KaikkiKyytiin wins contract with the Finnish Municipalities

Kuntaliitto, Association of Finnish Municipalities, have announced the winners of the KLASH competition. KaikkiKyytiin coalition won the contract for solving the rural areas transportation problem with an innovative technology driven solution. Coalition is led by MTK, The Central Union of Agricultural Producers and Forest Owners. Kyyti Group is the technology and solution provider for the coalition.

The purpose of the KLASH competition was to find innovative solutions for the 311 Finnish communities practical problems. Mobility was one of the issues that stood out as an acute and severe problem in the rural areas of Finland. KaikkiKyytiin proposal was made in cooperation with the municipality of Janakkala. Janakkala is a municipality of 16500 people with a population density of 29,98 people/km2, located 80 km north from Helsinki. KLASH competition has 1M€ project funding in place, but the purpose is to build a solution that can be replicated to other municipalities in Finland to offer a lasting solution for the rural areas mobility needs.

Kyyti Group’s CEO Pekka Möttö is excited about the win. “We have had several pilots in the rural areas of Finland and some of them have been commercialized after the pilot, but having a contract with the Association of Finnish Municipalities takes the effort of solving the rural problem into a whole new level,” Möttö says.

Möttö emphasizes that no one can solve the rural mobility problem alone. There are simply not enough people living in the rural areas to provide a public transportation service on a commercial basis. The key for a service in the rural areas is efficiency. Existing resources must be used in the most effective possible way. This means combining the different passenger groups that municipalities are paying for into the same vehicles in a more effective way than before. This can be done by utilising the modern flexible routing and real-time customer pooling technology. At the same time the seat capacity of these already paid for vehicles can be utilised to provide a service for the self paying customers. Demand responsive sharing solution can also be used to provide a cost efficient public transport as a stand alone service when there are no publicly subsidized customers to share the ride with.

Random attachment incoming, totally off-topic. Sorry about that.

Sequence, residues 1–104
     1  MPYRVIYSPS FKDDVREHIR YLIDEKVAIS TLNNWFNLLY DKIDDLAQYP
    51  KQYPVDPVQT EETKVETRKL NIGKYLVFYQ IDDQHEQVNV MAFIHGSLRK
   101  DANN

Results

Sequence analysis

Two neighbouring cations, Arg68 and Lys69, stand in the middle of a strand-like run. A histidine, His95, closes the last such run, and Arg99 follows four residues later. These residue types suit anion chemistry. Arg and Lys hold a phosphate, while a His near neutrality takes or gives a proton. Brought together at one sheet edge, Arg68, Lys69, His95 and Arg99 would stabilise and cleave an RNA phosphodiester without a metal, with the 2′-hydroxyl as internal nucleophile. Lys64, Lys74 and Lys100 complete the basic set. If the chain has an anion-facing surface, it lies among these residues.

“Let’s face it, public transport needs public funding even in the cities. To provide public transport service in the rural areas needs more subsidizing, but it can be arranged in a much more customer friendly and efficient way than before. In Finland we will start from Janakkala and hopefully replicate the solution in the rest of the country.” Möttö concludes.

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